Government is looking at employability from a broader spectrum. Educational and vocational skills are indispensable, but it is also equally important to prepare future generations for their prospective workplace. We need to teach youngsters to be creative, to be inventive and to participate in team-building exercises. We need diversity because in today's economic world there is very little room for specific, single-skill employment. Future generations must prepare for an ever changing world and keep up with developments.

About 51,000 people fall within the 15-24 age bracket. Of these about 6,000 are neither in employment nor furthering their education and not even building skills. To me, this is unacceptable. An in-depth analysis shows that around 45% of persons in this age bracket have already taken up some form of employment. This is among the highest in the EU and not an ideal situation, since most of these probably have no further opportunity of improving their education or skills - necessary tools which would lead to better employment opportunities.

There are other worrying figures. About 10% of these 6,000 are classified as disabled and we have not been doing enough to integrate these persons in society. Another 10% are classified as long term unemployed with a dependence on social security. We have a number of single parents, mostly unmarried mothers, but most surprisingly only about 30% of this group register for work. This trend is visible from figures over the past five years and we simply cannot turn a blind eye.

Among those that actually finish their secondary education, a number of alarming issues arise. Almost half of those students in their last year of compulsory education do not succeed in obtaining five SEC or O-Level certificates. Around 45% follow a University course and just 17% complete a foundation course at MCAST and progress to a Level 4 course at post-secondary level.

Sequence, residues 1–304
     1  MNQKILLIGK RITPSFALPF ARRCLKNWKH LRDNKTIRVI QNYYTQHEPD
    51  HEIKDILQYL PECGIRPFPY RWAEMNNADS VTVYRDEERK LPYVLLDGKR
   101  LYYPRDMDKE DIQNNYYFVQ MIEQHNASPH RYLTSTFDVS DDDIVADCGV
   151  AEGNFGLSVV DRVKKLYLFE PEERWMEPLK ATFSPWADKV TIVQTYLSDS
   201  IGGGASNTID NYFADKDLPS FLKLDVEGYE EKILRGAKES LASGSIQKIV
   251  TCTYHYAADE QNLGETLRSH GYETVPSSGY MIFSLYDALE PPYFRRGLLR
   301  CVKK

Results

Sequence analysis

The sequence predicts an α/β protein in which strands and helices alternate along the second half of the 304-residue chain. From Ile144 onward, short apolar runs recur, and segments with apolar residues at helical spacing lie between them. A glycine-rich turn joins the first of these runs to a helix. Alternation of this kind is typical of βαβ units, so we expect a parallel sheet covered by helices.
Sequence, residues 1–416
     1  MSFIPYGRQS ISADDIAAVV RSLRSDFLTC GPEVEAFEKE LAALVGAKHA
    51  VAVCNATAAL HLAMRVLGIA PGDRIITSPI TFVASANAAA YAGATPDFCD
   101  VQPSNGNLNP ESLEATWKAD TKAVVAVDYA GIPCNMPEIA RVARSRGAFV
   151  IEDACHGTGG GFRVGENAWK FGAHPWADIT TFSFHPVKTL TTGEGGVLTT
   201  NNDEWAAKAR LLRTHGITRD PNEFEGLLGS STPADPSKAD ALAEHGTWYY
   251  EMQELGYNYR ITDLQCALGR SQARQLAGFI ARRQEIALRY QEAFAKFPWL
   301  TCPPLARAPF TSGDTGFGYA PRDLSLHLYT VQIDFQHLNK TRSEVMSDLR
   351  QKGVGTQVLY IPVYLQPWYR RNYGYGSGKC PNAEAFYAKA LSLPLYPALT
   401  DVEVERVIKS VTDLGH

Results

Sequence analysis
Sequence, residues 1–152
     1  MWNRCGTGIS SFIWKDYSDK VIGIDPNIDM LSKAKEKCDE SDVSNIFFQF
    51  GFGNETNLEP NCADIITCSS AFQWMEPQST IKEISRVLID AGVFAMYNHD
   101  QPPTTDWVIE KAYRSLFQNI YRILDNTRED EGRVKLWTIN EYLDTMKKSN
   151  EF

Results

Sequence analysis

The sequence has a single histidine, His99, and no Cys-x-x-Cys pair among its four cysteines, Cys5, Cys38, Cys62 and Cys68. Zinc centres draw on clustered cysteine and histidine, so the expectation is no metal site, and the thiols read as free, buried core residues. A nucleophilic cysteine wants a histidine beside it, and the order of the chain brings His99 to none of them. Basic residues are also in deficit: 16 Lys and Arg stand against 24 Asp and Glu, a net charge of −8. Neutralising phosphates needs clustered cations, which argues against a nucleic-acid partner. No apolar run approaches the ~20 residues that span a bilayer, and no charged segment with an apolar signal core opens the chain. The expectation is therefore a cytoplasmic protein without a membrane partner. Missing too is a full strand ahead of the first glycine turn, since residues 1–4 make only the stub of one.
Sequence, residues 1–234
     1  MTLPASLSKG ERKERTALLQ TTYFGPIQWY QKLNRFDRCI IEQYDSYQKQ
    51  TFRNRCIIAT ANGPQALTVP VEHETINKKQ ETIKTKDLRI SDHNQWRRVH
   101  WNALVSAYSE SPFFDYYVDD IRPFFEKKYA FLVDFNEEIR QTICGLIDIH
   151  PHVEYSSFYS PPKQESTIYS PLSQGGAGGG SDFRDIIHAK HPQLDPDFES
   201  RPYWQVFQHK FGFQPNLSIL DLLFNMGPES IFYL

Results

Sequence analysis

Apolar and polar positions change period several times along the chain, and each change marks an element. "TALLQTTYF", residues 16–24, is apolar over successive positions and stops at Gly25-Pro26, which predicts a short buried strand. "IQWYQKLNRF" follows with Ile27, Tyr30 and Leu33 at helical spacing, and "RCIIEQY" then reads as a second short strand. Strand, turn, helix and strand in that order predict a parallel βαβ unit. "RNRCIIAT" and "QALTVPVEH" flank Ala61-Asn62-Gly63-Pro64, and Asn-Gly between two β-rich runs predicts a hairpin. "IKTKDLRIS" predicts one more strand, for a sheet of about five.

If we were to examine statistics for 25-29 year-olds, here in Malta we have the second highest average in the EU of those not having reached the learning outcomes provided by secondary education. Whereas the EU average is 12%, in Malta the figure is as high as 35%.

I am well aware that we have an uphill task. We have seen the rate of participation of foreigners in the labour market rise from 1.8% to 7.8% in 2012. At managerial level, the rate has increased from 3% in 2004 to 13% last year. In restaurants and the building sector, there is a glaring rise of foreign workers and an equally glaring reduction in Maltese workers. From 2004 to 2012, the number of new full-time and part-time jobs created was 33,000. A third of these (around 10,000) were taken up by non-Maltese. In the last nine months, 5,302 jobs have been created, half of them have been taken up by non-Maltese.

There is no immediate solution for all of this, but my government has decided to address the situation in a serious fashion. This year, we will launch a number of apprenticeships that will emphasise the link between education and the workplace. We will introduce an ethics programme to encourage cultural inclusion. We will also bring about change in education to give our youngsters life skills that will prepare them for employability.

Evarist Bartolo is Minister for Education